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ERIC Number: ED401403
Record Type: Non-Journal
Publication Date: 1996
Pages: 8
Abstractor: N/A
Reference Count: N/A
ISBN: N/A
ISSN: N/A
The Economies of SCALE: Exploring the Impact of Career Centers on ABE Programs.
Reuys, Steve
The impact of recent changes in the welfare and work force development systems on adult basic education programs and their students was examined at a literacy education provider in Somerville, Massachusetts. The study found that the Student Coalition for Action in Literacy Education (SCALE) program had previously had no difficulty in attracting and retaining students and in helping students achieve the desired results. Now, however, the new Career Center Initiative and the system of "Individual Referrals" has had the following effects: the number of students in education programs at the agency has plummeted; the agency is having a difficult time recruiting students; programs have been consolidated and are at risk of ending altogether; staff have been laid off; and the stability of a large, long-running community agency has been severely shaken. Income has dropped from $228,000 to $84,500. The situation seems to stem from changes in the welfare and work force development systems, such as the following: (1) the implementation of the 20-hour work requirement for most recipients of public assistance, along with significant restrictions on funding for education; (2) cuts in non-Department of Education funding for basic and prevocational education from sources such as the Job Training Partnership Act; and (3) implementation of the One-Stop Career Center Initiative and the replacement of funding contracts with the Individual Referral process, posing many problems for adult basic education programs and the agencies that operate them. These developments have put a strain, probably unintended, on the agencies. They are now forced to spend large amounts of staff time in marketing and follow-up, and staff are already overextended. In addition, the Career Center design and Individual Referral process more easily serves a middle-class, English-speaking clientele that can more easily visit a number of programs. Finally, communication between the Service Delivery Area and the programs is not always adequate, especially now when it is needed during the implementation of reforms. (KC)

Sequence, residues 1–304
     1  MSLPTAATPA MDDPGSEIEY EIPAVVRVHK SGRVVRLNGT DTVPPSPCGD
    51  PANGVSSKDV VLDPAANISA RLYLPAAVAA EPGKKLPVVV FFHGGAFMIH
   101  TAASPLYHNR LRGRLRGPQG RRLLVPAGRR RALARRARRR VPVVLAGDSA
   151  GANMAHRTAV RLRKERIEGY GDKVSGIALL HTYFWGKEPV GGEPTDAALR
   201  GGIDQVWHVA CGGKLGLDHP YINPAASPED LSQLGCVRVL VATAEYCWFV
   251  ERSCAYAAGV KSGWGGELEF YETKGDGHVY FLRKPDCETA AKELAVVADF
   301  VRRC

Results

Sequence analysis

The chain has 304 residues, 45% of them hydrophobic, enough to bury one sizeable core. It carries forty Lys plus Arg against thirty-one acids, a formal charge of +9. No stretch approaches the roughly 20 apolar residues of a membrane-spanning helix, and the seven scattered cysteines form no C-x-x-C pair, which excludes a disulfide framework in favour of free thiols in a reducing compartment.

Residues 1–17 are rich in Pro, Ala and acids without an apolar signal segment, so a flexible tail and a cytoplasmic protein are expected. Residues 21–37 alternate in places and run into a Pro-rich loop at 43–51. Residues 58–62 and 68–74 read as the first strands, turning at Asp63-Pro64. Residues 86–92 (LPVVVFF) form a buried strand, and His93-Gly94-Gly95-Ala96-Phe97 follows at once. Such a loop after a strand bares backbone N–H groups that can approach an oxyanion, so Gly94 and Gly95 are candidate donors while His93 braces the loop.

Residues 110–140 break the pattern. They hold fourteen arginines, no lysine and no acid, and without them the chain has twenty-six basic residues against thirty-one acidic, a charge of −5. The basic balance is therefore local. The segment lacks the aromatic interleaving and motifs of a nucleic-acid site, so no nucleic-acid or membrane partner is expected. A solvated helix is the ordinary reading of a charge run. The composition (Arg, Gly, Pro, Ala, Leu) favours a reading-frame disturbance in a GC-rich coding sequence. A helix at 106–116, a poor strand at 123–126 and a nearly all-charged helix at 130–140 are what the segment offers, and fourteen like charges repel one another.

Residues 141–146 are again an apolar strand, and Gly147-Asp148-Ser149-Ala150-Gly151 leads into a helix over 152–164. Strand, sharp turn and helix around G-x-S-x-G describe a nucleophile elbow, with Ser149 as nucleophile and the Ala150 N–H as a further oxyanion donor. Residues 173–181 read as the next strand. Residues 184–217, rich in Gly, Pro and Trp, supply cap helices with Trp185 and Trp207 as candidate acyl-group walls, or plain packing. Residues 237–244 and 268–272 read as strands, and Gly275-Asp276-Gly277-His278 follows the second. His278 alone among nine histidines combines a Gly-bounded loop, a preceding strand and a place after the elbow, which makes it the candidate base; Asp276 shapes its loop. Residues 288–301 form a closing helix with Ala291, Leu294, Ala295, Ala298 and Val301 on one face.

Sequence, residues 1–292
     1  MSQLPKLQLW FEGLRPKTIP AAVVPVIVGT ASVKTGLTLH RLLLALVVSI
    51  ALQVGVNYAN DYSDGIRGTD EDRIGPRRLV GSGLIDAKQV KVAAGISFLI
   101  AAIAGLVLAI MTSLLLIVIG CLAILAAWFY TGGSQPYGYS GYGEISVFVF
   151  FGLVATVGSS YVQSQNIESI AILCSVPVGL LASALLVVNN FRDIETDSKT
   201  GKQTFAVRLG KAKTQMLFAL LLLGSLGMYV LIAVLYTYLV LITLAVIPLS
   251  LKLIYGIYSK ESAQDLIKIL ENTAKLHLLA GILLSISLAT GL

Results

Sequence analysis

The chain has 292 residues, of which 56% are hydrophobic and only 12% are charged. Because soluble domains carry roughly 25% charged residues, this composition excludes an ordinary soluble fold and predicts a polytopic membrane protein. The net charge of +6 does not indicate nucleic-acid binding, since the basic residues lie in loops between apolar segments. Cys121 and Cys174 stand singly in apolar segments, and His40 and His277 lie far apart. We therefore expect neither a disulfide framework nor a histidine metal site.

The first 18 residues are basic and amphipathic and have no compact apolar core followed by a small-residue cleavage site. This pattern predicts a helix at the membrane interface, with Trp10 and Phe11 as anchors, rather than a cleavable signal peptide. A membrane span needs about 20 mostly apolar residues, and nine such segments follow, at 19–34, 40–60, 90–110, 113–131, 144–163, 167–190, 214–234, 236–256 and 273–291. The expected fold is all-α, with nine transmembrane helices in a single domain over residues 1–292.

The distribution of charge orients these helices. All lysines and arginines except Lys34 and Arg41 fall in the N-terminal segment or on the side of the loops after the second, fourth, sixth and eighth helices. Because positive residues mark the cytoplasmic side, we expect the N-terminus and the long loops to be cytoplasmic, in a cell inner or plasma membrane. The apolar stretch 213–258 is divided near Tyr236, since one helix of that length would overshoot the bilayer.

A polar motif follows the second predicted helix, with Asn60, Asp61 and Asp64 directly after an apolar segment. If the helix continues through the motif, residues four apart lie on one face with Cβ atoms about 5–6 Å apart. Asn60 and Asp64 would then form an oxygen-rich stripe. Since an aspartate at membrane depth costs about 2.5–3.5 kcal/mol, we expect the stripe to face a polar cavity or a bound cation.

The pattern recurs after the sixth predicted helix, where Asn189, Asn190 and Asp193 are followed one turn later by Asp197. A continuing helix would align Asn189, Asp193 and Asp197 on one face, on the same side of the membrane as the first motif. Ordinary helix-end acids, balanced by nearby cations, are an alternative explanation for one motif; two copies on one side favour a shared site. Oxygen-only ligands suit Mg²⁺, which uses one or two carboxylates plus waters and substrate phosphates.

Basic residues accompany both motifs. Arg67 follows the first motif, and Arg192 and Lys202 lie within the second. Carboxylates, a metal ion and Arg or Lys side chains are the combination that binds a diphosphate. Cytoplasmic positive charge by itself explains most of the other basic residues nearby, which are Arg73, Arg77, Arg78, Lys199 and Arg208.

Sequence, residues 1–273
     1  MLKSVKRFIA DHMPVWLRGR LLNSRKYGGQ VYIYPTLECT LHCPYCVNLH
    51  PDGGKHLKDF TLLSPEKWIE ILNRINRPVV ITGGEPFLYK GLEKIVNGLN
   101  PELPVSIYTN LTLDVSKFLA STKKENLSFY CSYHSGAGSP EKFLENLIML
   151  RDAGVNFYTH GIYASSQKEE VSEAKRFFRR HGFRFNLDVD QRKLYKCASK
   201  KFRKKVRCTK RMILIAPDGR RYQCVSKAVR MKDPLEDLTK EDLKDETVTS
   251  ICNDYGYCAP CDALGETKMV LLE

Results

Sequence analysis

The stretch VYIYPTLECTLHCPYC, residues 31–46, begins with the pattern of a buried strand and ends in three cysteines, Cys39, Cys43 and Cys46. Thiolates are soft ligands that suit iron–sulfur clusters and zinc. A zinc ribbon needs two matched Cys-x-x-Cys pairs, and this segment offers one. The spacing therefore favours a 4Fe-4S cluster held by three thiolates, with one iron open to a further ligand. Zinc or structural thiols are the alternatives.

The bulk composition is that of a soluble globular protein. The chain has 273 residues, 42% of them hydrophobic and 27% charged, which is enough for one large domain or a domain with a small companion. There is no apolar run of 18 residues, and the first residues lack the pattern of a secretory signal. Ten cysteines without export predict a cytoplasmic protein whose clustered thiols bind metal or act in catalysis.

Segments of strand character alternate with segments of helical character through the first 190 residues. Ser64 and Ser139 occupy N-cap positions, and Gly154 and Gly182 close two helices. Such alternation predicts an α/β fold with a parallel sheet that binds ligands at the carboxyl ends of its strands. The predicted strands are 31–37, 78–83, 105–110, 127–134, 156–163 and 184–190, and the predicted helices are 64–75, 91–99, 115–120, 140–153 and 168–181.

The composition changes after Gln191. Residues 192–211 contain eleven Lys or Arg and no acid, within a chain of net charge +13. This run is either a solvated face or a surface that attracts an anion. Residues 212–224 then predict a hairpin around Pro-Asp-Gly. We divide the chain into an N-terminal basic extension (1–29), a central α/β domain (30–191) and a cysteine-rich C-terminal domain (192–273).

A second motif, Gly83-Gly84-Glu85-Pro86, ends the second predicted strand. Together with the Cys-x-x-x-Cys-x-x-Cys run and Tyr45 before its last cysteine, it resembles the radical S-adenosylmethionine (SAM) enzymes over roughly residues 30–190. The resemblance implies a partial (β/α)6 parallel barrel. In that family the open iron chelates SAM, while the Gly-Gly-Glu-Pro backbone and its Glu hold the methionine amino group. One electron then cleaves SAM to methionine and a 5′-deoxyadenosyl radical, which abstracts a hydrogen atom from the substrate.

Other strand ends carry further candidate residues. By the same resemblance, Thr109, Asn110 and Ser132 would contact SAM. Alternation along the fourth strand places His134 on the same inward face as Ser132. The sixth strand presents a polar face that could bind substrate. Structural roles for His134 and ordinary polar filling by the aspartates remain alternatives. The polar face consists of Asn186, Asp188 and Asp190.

Publication Type: Opinion Papers
Education Level: N/A
Audience: N/A
Language: English
Sponsor: N/A
Authoring Institution: N/A